China’s Straddling Bus/Elevated Bus is Finally Out!…. Sort of?

You may have seen this concept video floating around the internet before. It’s a straddling bus also known as the Transit Elevated Bus (TEB). The idea was actually proposed way back in 1969 by Lester Walker and Craig Hodgetts and was designed by a Shenzhen manufacturing company. Only in May 2010 was it revealed at the 13th Beijing International High-tech Expo. The bus is designed to run along a fixed route, straddling over 2 traffic lanes. The passenger compartment can hold up to 300 to 1200 passengers depending on the version.

Like many older cities in the world, some of China’s largest cities were not built to sustain the population it has today. Currently, more than 20 million people reside in Beijing. In China, where owning a car is considered a status symbol and “saving face” is important, many people buy cars just for the sake of satisfying societal pressure. The amount of cars on the road are growing at an alarming rate since 2000, but that also means the roads are full of new drivers who may not have received proper drivers education. Considering China’s ever growing population and infamous traffic jams. This bus could help elevate the congested traffic and promote more people to take public transportation. The designer says the TEB could replace up to 40 conventional buses, save 860 tons of fuel, and decrease carbon emissions by 2390 tons. Ideally the TEB would travel above 2 lane roads and other cars at around 60km an hour, and similarly to a subway it is estimated to take around a year to develop.

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Originally the city of Shijiazhuang in 2010 applied to obtain financing to begin testing with the TEB, but the trial was cancelled due to doubts about the technology and the feasibility. However, recently in may 2016 at the 19th China Beijing International High-Tech Expo a mini model was presented and they announced that a full scale TEB would be unveiled in August for a test-run.

And now just this August 3rd a full scale model was tested in Qinhuangdao.

The test was only simulated over a 300 meter length traffic, and didn’t really represent the real world traffic conditions. Four other Chinese cities have also signed contracts to construct and test the TBE, which are, Nanyang, Shenyang, Tianjin and Zhoukou.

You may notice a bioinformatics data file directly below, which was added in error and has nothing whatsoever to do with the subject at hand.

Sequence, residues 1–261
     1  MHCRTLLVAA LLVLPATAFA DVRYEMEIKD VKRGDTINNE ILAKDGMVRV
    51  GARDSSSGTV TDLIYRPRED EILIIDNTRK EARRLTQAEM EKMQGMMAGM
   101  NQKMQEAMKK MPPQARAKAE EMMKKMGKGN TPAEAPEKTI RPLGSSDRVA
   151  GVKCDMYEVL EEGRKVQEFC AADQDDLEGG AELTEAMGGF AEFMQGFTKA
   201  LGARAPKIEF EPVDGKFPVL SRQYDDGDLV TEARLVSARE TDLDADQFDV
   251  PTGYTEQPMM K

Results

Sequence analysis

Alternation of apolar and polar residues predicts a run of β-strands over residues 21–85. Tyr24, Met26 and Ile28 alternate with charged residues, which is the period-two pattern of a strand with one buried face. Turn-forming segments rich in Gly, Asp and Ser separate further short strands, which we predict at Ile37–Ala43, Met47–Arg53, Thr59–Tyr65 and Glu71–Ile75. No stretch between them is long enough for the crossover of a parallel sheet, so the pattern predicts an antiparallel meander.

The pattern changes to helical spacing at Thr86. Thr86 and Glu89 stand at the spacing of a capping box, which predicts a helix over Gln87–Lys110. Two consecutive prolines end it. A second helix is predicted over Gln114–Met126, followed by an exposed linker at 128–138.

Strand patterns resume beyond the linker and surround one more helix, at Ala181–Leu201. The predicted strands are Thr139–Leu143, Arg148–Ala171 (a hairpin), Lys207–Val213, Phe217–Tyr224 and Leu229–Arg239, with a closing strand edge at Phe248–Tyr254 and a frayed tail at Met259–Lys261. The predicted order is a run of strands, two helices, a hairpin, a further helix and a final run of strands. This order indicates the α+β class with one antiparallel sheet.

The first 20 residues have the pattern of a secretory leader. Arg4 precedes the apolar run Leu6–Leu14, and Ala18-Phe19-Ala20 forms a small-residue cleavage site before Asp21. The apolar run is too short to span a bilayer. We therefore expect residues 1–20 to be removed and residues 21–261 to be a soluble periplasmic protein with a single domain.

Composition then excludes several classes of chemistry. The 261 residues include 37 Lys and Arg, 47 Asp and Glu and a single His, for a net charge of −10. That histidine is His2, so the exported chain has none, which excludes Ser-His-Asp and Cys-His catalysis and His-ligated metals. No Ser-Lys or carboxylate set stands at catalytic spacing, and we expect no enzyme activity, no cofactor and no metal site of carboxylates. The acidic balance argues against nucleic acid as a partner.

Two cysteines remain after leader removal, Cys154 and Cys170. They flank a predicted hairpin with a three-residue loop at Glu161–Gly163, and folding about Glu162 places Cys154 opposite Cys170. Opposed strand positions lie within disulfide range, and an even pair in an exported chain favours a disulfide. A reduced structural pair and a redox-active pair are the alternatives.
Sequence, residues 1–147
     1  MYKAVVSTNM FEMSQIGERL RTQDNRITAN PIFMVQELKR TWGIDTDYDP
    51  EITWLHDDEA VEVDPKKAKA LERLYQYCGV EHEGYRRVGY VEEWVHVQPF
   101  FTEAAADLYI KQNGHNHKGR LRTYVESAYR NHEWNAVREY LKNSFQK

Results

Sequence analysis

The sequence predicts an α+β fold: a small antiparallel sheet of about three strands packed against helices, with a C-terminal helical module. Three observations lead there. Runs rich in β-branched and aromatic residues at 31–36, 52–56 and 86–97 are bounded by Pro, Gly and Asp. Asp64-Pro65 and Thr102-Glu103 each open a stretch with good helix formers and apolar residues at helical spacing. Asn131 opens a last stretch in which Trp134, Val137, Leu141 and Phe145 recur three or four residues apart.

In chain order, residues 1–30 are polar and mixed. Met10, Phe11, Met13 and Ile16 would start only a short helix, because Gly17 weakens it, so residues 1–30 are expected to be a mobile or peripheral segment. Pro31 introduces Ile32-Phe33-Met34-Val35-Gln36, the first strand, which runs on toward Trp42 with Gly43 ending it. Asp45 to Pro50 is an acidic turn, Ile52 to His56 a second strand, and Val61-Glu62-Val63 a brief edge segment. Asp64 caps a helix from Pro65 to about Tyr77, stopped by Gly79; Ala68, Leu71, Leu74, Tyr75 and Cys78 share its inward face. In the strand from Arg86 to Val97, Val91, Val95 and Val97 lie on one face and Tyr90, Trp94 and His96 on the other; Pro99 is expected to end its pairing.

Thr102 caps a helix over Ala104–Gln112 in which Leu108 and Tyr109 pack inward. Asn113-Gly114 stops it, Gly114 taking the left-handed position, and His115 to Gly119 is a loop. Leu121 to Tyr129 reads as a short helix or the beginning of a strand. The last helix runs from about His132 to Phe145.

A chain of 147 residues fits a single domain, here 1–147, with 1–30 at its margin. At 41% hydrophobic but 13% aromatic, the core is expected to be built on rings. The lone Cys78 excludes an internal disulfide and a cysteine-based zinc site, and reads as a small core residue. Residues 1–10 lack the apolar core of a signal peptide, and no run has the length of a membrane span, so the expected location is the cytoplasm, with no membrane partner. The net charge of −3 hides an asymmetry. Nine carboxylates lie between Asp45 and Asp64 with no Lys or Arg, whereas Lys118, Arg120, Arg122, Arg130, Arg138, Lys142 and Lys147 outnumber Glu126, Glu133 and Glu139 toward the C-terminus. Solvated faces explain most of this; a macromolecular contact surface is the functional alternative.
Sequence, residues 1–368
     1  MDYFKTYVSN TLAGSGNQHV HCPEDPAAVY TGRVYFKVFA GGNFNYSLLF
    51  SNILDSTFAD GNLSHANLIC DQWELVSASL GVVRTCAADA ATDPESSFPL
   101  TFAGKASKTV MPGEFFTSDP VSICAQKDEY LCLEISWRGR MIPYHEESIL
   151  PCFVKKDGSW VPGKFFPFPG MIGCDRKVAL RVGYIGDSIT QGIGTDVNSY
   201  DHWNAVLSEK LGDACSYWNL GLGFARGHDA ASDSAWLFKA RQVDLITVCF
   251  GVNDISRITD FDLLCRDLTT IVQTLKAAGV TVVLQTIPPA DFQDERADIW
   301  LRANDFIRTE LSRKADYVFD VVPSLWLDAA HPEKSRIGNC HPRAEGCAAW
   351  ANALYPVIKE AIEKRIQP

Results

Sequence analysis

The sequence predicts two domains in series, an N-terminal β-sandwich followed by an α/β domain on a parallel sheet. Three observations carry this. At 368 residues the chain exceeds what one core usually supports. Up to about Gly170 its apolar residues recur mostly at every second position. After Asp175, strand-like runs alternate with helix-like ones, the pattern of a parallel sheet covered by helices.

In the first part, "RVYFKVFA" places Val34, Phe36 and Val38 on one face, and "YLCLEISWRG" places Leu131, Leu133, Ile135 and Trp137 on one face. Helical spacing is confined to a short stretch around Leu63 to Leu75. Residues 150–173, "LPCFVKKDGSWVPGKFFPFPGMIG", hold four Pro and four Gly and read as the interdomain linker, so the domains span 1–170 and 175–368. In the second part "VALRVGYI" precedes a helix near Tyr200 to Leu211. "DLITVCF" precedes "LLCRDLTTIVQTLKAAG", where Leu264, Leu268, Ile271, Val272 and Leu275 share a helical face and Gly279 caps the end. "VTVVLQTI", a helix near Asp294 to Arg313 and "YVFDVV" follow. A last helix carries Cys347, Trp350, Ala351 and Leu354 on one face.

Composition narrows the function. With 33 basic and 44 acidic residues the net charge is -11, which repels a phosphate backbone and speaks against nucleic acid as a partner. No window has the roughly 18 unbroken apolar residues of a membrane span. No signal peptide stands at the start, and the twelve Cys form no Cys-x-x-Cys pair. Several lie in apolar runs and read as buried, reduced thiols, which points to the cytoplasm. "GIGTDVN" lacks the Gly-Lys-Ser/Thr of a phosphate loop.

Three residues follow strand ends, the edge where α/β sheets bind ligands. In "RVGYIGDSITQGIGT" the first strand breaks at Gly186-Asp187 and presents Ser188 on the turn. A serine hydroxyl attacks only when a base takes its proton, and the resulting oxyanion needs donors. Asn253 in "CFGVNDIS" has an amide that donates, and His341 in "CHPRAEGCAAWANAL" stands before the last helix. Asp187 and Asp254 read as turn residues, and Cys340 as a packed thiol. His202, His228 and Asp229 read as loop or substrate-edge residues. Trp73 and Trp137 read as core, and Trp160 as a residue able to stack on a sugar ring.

But not so fast, there seems to be a slight hiccup in the project. After the test run, there was an initial hype surrounding the TEB, but soon people started to question the feasibility and legitimacy. Besides the fact that the test was only 300 meters long and didn’t really mimic true road conditions, other questions arose. One was that the straddling bus would only allow vehicles that had a max height of 2.1 meters to pass through, while the max limit for vehicles on the road is typically 4.5 or 4.2 meters, raising the question of how taller vehicles would be able to pass through or how the bus would overcome them. Another question was how safe the bus would be for passengers and other cars. Making turns, dealing with unpredictable drivers on the road and how the bus would interact with the traffic lights and signs. This has brought up suspicions that the whole project may be a scam to get investors’ money.

Despite all the problems, the company says they plan to hold a full road test next year, so I guess we will have to wait and see. What do you think about the straddling bus or TEB?

Check out more photos of the potential of the straddling bus!

Source: metro

Source: metro

Source: youtube

Source: youtube

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Monica Guan

Monica is a Canadian-Chinese travel blogger and marketer that has spent time in beijing, nanjing, guangzhou, shenzhen, hangzhou,and xitang, shanghai. When she isn't watching YouTube videos, you can find her writing or creating videos.
Monica Guan